Ancient Civilizations: The Hittites, Canaanites, and Phoenicians

Contributor: Suzanne Riordan. Lesson ID: 13075

Which ancient people were the first to work with iron? Which became shipbuilders and expert sailors? Which invented the alphabet? Ever heard of the Hittites, the Canaanites, and the Phoenicians?

categories

World, World

subject
History
learning style
Auditory, Kinesthetic, Visual
personality style
Lion, Otter
Grade Level
Middle School (6-8)
Lesson Type
Dig Deeper

Lesson Plan - Get It!

Audio:

Have you ever wondered where our English alphabet came from?

Though the Egyptians and Sumerians were the first people to develop writing, they did not invent an alphabet. They only had picture-writing. An alphabet is where a symbol (a letter) stands for a sound. 

So, which ancient people were the first to figure out this much easier way of writing? Let's find out!

After the first great civilizations arose in Egypt and Mesopotamia, the people who lived near these areas began to "catch" civilization from their neighbors. These people were the Hittites, the Canaanites, and the Phoenicians.

Though not as well-known as their more famous neighbors, these people also made some major contributions to our world.

Complete the Hittites, Canaanites, and Phoenicians Lesson Notes, found under Downloadable Resources in the right-hand sidebar, as we take a look at each one of these civilizations.

Hittites

The Hittites came from a land full of mountains to the northwest of Mesopotamia. The area is sometimes called Anatolia or Asia Minor. The Hittite Kingdom covered most of the area that now makes up the countries of Turkey and Syria.

map of the Hittite Kingdom circa 14th century BC

Image by Própria, via Wikimedia Commons, was released into the public domain.

Around 2000 BC, people began to settle in this area. They built a city called Hattusa in the mountains. Living in the mountains kept them safe from enemy attacks. They learned how to raise and train horses and build chariots. They became strong warriors and began to take over weaker kingdoms. They also took control of the trade routes between Egypt and Mesopotamia, and they began to grow rich.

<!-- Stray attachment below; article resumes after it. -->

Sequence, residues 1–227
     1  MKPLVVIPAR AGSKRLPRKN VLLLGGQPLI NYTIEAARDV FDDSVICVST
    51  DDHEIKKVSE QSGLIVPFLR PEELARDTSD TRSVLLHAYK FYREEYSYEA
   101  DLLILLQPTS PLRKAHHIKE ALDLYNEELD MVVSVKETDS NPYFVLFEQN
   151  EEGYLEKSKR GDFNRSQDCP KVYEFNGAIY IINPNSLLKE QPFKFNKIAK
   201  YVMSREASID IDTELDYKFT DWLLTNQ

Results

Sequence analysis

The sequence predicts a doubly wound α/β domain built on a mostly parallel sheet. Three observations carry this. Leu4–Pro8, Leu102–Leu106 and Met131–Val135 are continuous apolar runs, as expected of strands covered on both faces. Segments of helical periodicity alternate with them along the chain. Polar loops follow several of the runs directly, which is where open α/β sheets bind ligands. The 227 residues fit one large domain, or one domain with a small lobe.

But the Hittites got a little too over-confident when they began to move further south toward Egypt, igniting battles the Egyptians. In the battle of Kadesh, the Egyptians and Hittites fought what was probably the biggest chariot battle in history, involving over 5000 chariots. They worked in pairs: one soldier shot arrows from his bow while another drove the chariot. The Hittite chariots were heavier and slower than the Egyptians, and they lost the battle.

The Egyptians and Hittites then signed what is thought to be the first peace treaty in history! They agreed not to fight anymore, and that neither side would go into the other's territory. They also formed an alliance, saying that they would help each other fight against other enemies.

Here is an image of the actual tablet that the treaty was written on:

tablet of Treaty of Kadesh

Image by locanus [cropped], via Wikimedia Commons, is licensed under the CC BY 3.0 license.

Hittite Culture

The Hittites had a written language that was a combination of the Sumerians' cuneiform and the Egyptians' hieroglyphics. They were skilled farmers, traders, and artists. They also had a code of law like the Sumerians.